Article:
What did we see?
‘Wealth in family and relationships.’
‘Cows, chickens, pigs, puppies, roosters, goats.’
‘Beauty in simplicity.’
‘Pigs being born.’
‘Nature’s lightshow: a million fireflies in a field at night.’
‘My host mom’s smile.’
‘Hope overpowering struggles.’
What did we hear?
‘Roosters at 4 in the morning.’
‘Raindrops on a tin roof.’
‘My host dad’s motorcycle.’
‘Every farm animal and/or bug sound ever.’
‘The rhythmic pounding of my host mom’s hands flattening tortillas.’
‘The poor get poorer, the rich get richer, and we hope that he (Daniel Ortega, Nicaragua’s president) will raise us up.’
‘Laughter, singing, and hope from my host family.’
How can I possibly attempt to summarize our home-stays? I can write sentences upon sentences of awkwardly stumbling over Spanish phrases with encouraging smiles from my host family, a puppy/kitten/chick cuddlefest (probably the cutest thing ever), and a winding dirt road that knitted together one of the closest communities I have been lucky enough to have been in. Our experiences were varied, our host families different, and our perception of this time impressionable beyond words.
San Ramon took us beyond what we are used to and we lived in solidarity with a family sharing meals, stories, and laughter. Each of us worked on relationships with host moms, dads, sisters, and brothers. It was more than just hearing about certain issues from experts but being thrown with families who have lived through them. Everything we learned was amplified by being welcomed into a family who told us their story so that we may educate others. Their stories have become our stories.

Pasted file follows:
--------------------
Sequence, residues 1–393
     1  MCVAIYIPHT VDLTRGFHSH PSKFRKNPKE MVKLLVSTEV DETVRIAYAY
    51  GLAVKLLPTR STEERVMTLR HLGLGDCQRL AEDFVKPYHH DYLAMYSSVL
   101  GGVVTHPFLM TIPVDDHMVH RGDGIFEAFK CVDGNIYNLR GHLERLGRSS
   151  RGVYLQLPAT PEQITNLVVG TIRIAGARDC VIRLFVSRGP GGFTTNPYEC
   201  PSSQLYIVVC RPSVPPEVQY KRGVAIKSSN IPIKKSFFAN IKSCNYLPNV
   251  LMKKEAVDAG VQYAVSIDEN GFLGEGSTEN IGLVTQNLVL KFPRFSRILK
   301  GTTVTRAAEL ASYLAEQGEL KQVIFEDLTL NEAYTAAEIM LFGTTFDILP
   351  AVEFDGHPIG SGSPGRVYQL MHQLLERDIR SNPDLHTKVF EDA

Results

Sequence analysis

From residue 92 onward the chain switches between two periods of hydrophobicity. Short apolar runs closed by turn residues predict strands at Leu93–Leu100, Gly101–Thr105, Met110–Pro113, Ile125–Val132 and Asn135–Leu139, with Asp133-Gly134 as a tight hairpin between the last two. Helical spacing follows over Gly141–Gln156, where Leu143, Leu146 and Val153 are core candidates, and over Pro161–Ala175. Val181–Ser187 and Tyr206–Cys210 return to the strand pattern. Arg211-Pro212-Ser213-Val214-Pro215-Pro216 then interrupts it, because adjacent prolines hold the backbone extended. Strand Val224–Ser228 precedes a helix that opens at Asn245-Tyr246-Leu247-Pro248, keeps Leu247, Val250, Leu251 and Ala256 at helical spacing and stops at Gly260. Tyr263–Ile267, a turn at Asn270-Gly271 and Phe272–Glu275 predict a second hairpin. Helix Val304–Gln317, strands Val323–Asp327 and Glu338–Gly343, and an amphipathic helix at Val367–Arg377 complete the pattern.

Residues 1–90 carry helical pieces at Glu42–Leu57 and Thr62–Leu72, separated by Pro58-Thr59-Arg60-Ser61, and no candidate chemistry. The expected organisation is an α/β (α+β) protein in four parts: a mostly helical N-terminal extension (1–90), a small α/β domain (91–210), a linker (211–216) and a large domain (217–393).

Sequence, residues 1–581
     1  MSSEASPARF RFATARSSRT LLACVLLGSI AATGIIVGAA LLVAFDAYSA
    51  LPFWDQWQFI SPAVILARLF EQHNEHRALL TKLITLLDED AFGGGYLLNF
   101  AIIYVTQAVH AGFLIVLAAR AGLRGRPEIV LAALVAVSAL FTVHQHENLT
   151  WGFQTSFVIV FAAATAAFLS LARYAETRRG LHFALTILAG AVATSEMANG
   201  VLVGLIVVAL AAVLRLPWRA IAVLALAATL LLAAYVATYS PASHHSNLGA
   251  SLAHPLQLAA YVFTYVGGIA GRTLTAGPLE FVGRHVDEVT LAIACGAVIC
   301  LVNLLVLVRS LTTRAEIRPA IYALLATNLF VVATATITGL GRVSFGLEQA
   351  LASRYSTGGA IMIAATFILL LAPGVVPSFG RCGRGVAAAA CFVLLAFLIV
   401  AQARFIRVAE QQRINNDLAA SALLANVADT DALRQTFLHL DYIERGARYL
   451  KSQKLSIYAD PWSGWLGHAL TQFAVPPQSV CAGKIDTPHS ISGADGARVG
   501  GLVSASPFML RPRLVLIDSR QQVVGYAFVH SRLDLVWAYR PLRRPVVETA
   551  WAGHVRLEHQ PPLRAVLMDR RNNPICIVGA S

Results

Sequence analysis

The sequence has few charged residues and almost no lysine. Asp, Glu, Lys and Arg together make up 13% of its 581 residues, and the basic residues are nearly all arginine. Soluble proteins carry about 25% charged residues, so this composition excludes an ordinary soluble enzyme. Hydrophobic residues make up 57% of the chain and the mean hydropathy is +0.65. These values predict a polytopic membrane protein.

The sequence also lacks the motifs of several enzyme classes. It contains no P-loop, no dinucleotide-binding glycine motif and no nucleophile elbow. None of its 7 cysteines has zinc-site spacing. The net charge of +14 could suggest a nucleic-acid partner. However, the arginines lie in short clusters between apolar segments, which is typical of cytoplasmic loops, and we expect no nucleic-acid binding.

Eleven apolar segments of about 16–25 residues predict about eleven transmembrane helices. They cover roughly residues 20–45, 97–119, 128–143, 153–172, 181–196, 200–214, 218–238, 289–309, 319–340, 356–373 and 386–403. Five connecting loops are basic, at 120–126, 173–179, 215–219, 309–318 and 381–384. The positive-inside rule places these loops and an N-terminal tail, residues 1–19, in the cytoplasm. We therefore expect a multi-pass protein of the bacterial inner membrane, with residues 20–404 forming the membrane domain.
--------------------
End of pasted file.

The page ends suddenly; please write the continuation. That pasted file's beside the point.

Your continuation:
More than any other post I find it difficult to try to summarize this experience because mine was just one of 20 completely different perceptions. Now we have the challenge of taking these personal relationships and seeing where, exactly, they fit in with what we’re learning about economic, political, and social relations between the United States and Nicaragua.
In compensation for the words that I can’t quite find, I will post some pictures that will hopefully give a glimpse of what our lives have been like in the Campo.